Zimbabwe 2014 High Court judgment

Condemnation of judicial corporal punishment – 31 December 2014, The State v. C (a Juvenile), HH 718-14 / CRB R 87/14

This judgment by the Harare High Court stated that judicial corporal punishment violated the provisions of the new 2013 Constitution prohibiting physical or psychological torture and cruel, inhuman or degrading treatment or punishment.

The judgment followed an appeal by a 14-year-old boy who was convicted for rape and sentenced in September 2014 to judicial corporal punishment under Section 353(1) of the Criminal Procedure and Evidence Act.

In its decision the Court referred to the previous Constitution which prohibited “torture and inhuman and degrading treatment” but authorised “moderate corporal punishment” inflicted by parents, guardians or persons acting in loco parentis or ordered by a court as a sanction to a male under 18 years of age (section 15), giving at the time legal grounds to judicial corporal punishment. The Court highlighted that the sentence was however given after the new Constitution came into effect. In the new Constitution the right to protection from “physical or psychological torture or to cruel, inhuman or degrading treatment or punishment” (section 53) is not limited by a right to administer “moderate corporal punishment”; section 86(3)(c) states “No law may permit the following rights enshrined in this Chapter and no person may violate them:… (c) the right not to be tortured or subjected to cruel, inhuman or degrading treatment punishment”.

The Court stated:

If the legislature had intended corporal punishment to remain as part of our law it would have limited the right by categorically stating that moderate corporal punishment inflicted in execution of the judgment or order of a court shall not be held to be in contravention of that right as was the case under the old Constitution.”

The Court further invoked other provisions of the Constitution guaranteeing the “right to freedom from all forms of violence from public or private sources” (section 52(a)) and the right to equal treatment before the law (section 56), as well as the international human rights instruments ratified by Zimbabwe that have guaranteed the right to freedom from torture, inhuman and degrading punishment, including the Convention on the Rights of the Child and the African Charter on the Rights and Welfare of the Child.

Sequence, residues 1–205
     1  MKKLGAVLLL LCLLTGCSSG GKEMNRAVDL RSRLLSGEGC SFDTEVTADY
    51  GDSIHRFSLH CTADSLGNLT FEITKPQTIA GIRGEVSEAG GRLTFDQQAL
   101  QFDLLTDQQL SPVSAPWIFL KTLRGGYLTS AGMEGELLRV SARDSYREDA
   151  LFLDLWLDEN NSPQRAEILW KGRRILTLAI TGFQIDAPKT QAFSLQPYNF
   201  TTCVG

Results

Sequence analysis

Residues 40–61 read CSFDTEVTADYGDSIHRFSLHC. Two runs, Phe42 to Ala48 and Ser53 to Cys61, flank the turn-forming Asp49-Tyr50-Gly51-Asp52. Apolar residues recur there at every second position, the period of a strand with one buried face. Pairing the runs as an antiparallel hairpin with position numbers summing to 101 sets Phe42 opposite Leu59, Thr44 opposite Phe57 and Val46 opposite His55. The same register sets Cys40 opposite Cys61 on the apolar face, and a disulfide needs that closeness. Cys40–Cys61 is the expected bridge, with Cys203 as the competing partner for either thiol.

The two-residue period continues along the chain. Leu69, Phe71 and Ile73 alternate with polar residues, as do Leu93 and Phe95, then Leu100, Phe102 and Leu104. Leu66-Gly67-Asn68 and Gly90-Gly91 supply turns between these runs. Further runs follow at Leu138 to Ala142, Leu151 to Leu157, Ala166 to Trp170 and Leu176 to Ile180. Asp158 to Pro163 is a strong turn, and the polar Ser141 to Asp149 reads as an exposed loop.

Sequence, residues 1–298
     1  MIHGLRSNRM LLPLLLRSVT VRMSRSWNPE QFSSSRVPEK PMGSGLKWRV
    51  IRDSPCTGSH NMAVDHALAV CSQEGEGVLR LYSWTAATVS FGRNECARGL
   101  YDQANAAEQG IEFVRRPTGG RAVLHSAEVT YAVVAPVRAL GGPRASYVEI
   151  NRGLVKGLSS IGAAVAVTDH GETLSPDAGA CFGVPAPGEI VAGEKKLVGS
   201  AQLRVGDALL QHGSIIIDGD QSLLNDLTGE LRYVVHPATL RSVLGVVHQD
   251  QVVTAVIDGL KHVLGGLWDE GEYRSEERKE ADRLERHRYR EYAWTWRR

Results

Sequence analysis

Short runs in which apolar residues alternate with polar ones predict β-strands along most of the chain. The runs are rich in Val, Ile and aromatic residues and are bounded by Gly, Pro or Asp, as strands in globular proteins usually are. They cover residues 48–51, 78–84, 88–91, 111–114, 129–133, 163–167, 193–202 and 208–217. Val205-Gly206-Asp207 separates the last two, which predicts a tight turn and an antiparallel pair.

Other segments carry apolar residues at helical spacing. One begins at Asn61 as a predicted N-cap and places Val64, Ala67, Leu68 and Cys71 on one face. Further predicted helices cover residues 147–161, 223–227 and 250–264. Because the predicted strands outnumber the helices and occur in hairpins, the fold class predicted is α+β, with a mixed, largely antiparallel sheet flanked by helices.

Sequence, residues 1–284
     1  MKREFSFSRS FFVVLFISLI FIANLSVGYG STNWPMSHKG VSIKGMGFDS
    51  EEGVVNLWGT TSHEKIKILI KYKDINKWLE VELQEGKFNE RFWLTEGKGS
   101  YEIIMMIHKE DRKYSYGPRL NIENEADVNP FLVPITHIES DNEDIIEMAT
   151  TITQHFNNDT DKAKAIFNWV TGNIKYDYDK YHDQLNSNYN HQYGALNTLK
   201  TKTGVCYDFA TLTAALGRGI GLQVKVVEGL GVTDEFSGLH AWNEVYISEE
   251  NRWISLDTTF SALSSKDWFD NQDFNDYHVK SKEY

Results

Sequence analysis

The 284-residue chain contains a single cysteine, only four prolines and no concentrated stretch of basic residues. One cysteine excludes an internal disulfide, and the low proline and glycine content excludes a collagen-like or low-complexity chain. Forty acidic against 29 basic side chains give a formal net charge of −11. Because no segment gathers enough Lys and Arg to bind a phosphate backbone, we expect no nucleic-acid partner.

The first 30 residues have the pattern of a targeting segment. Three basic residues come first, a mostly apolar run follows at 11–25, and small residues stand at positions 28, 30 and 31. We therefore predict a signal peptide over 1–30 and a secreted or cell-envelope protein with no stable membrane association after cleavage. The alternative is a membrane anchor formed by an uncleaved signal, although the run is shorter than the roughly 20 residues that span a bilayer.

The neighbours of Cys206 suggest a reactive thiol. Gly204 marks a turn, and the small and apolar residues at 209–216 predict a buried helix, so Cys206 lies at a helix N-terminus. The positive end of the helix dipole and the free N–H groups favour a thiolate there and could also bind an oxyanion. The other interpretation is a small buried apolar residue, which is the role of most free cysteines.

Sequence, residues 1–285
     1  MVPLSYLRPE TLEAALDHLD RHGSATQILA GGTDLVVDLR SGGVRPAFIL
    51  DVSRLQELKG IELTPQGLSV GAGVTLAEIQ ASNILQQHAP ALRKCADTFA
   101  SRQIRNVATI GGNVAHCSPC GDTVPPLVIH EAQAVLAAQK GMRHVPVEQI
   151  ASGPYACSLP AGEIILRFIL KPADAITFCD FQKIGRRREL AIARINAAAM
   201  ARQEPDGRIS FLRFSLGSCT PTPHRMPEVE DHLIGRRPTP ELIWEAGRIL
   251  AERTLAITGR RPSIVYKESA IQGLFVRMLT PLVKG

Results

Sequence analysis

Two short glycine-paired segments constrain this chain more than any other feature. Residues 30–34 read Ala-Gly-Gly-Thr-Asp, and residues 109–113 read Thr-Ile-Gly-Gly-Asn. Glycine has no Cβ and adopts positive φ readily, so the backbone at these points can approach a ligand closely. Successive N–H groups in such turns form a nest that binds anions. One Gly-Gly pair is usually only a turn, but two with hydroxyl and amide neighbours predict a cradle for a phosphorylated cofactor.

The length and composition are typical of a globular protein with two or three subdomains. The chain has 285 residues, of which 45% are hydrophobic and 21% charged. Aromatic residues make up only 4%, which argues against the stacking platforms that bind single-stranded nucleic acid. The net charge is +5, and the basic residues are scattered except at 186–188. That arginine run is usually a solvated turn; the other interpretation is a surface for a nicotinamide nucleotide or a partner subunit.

The Court also drew upon the new constitutional provisions protecting children’s rights, in particular the right to equal treatment before the law and the right to protection from maltreatment and any form of abuse (section 81(1)).

The Court concluded that section 353(1) of the Criminal Procedure and Evidence Act was unconstitutional.

This elaboration of the children’s rights in conformity with the regional and international conventions that Zimbabwe has ratified demonstrates that the new Constitution does not allow for the imposition of corporal punishment anymore. Clearly s 353 (1) of the Criminal Procedure and Evidence Act [Cap 9:07] is now a law which is inconsistent or ultra vires the Constitution.”

Venturing outside of the scope of its decision, the Court held that corporal punishment seemed to have been rendered unconstitutional in all settings by the new Constitution:

One other issue that I feel obliged to comment on although it is not an issue before me is that s53 of the new Constitution seems to outlaw the infliction of corporal punishment on children by their parents, guardians or by persons in loco parentis. As already explained above the right not to be tortured or subjected to cruel, inhuman or degrading treatment or punishment is an absolute right.
Under the old Constitution parents, guardians and persons in loco parentis were allowed to inflict moderate corporal punishment on children. It appears that that position has since changed.”

 

The Court concluded by calling for the Constitutional Court to confirm its decision, as “any order of constitutional invalidity of any law that is made by another court other than the Constitutional court has no force unless it is confirmed by the Constitutional court.”

 

Subsequent law reform

No legal reform has been undertaken since the decision. The Constitutional Court was asked by the Government to rule upon the matter shortly after the High Court gave its ruling. However in 2015 the Constitutional Court provisionally and indefinitely set aside the High Court order pending further submissions, stating that in the meantime magistrates could impose corporal punishment on male juvenile offenders. The Government has stated that any law reform would have to await the outcome of the Constitutional Court judgment on the matter.

In February 2017, a High Court decision ruled that corporal punishment of children in homes and in schools was unconstitutional, under the same provisions as above. As for the 2014 decision, this ruling of unconstitutionality will not be effective unless confirmed by the Constitutional Court.

 

Further information

  • The full text of the judgment is available here.
  • For further information on subsequent law reform to prohibit all corporal punishment of children, see the Global Initiative country report for Zimbabwe.
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